Settlement in credit card processing refers to the final stage of a credit card transaction where funds are transferred from the cardholder’s account to the merchant’s account. It involves the reconciliation, verification, and transfer of funds to complete the transaction.
Overview of the credit card settlement process
The settlement process in credit card processing refers to the series of steps involved in transferring funds from the cardholder’s account to the merchant’s account, finalizing a credit card transaction. Here is an overview of the settlement process in credit card processing:
Authorization: The first step in the settlement process is the authorization of the credit card transaction. When a customer makes a purchase using a credit card, the merchant sends the transaction details, including the card information and purchase amount, to the acquiring bank for authorization. The authorization process verifies the card’s validity, checks for available credit, and ensures the transaction is not flagged for potential fraud.
Clearing and Batch Processing: Once the transaction is authorized, the merchant accumulates a batch of authorized transactions throughout the day. At the end of the business day or at a predetermined interval, the merchant submits the batch of authorized transactions to the acquiring bank for clearing. The clearing process involves verifying the transaction details, checking for any discrepancies or errors, and preparing the transactions for settlement.
Reconciliation: After the batch of transactions has been cleared, reconciliation takes place. This step involves matching and reconciling the transaction details between the merchant’s records and the acquiring bank’s records. Reconciliation ensures that the transaction amounts, fees and other relevant details align between the different systems involved.
Settlement Instruction: Once reconciliation is complete, the settlement instruction is generated. The settlement instruction specifies the total amount to be transferred from the cardholder’s issuing bank to the merchant’s account. This instruction is typically initiated by the acquiring bank or payment processor.
Fund Transfer: The actual transfer of funds occurs based on the settlement instruction. The cardholder’s issuing bank debits the cardholder’s account for the transaction amount, and the acquiring bank credits the merchant’s account with the corresponding funds. This transfer of funds typically occurs within a predetermined settlement timeframe. We talk more below about the time for funds to transfer.
Reporting and Settlement Summary: Following the fund transfer, settlement reports or summaries are generated to provide a detailed overview of the settlement activity. These reports include information such as transaction references, settlement amounts, fees, and other relevant details. The reports serve as documentation and reconciliation tools for both the merchant and the acquiring bank or payment processor.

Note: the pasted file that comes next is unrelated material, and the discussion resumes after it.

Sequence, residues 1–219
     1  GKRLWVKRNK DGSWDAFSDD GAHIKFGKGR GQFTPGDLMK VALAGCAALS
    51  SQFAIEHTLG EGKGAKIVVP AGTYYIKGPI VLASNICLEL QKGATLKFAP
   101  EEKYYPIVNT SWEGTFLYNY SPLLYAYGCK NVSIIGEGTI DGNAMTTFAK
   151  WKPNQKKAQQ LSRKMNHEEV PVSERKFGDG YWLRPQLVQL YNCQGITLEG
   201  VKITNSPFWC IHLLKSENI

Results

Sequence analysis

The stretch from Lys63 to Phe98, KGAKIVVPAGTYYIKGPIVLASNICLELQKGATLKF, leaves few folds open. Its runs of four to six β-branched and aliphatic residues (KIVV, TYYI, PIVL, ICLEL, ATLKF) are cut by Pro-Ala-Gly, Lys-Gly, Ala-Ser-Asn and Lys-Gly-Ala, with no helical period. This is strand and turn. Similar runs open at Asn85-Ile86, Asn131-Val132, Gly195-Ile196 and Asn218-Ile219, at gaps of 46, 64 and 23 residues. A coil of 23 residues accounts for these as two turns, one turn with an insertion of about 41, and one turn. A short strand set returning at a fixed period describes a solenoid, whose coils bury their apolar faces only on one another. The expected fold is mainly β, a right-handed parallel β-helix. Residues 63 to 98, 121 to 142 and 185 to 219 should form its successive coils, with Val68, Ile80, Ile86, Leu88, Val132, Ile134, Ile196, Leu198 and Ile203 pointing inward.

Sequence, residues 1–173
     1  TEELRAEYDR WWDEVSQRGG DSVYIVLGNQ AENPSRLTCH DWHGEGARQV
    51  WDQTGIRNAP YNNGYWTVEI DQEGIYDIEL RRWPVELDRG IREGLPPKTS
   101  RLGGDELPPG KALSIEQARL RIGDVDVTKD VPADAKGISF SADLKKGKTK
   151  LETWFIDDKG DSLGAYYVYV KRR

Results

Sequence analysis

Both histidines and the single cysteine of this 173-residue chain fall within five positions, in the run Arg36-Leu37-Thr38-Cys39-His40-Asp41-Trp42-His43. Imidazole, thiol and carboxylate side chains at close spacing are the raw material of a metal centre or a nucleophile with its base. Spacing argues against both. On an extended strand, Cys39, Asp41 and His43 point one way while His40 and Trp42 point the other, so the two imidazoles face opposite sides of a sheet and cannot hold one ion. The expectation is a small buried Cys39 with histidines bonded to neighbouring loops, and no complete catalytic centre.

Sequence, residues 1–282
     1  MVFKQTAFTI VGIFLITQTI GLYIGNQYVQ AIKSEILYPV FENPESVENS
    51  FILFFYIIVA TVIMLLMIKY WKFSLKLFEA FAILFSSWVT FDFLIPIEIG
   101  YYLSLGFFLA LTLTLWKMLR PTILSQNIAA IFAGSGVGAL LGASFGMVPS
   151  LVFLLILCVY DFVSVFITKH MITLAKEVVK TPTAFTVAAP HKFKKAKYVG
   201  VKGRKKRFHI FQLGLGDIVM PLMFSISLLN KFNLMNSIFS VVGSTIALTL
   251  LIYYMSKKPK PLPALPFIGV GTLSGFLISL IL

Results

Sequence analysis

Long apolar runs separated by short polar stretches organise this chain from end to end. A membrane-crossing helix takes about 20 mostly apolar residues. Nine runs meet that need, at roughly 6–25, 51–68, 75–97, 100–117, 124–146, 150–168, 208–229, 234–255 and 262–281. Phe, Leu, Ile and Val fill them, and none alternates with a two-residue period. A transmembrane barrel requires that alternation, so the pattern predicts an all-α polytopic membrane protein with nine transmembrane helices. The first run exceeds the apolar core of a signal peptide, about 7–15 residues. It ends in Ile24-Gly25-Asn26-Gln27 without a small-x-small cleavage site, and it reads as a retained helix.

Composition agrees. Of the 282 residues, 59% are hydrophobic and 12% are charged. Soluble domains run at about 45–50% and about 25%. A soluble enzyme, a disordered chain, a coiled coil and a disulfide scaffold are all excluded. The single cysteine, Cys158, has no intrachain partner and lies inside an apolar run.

The settlement process may involve additional steps and specific requirements depending on the payment network, card brand, and the specific arrangements between the merchant, acquiring bank, and payment processor.
How long does settlement take in credit card processing?
Settlement timeframes in credit card processing vary depending on various factors. The specific timeframe for settlement is typically agreed upon between the merchant and the payment processor and is usually outlined in the merchant agreement. Generally, settlement periods range from one to three business days.
Merchants often utilize batch processing, where authorized transactions are accumulated throughout the day and submitted as a batch for settlement. The settlement timeframe is based on the batch processing schedule, such as a daily batch settlement that occurs at the end of the business day. Sometimes certain payment processors, like TRC-Parus, give you the functionality to customize the batch time.
Weekends and public holidays can affect settlement durations. Transactions authorized on non-business days may experience a delay in settlement, with the settlement occurring on the next business day.
The time of day the transaction is authorized can also impact the settlement timeframe. Transactions authorized later in the day may roll over to the next settlement period, resulting in a slightly longer settlement duration.
Settlement time comparison for processors
Settlement times vary widely among different payment processors. Some processors can complete settlement within the same day and some take a week or more.
If some transactions are flagged as high-risk or with potential fraud, it normally adds at least one business day for the processor to analyze.
Here’s are a few examples of the settlement times for popular payment processors:
Stripe: Stripe is a widely used payment processor and offers different settlement options. For most businesses, the default settlement time is two business days. However, Stripe also has sometimes taken a week or more for settlement.
PayPal: PayPal provides various settlement options based on the merchant’s preferences and account type. The standard settlement time for PayPal is typically within three business days. However, as with many aggregators, it can sometimes take much longer..
TRC-Parus: TRC-Parus typically offers same-day or next-day settlements for most merchants. This means that funds from credit card transactions processed through TRC-Parus are usually deposited into the merchant’s bank account within a day.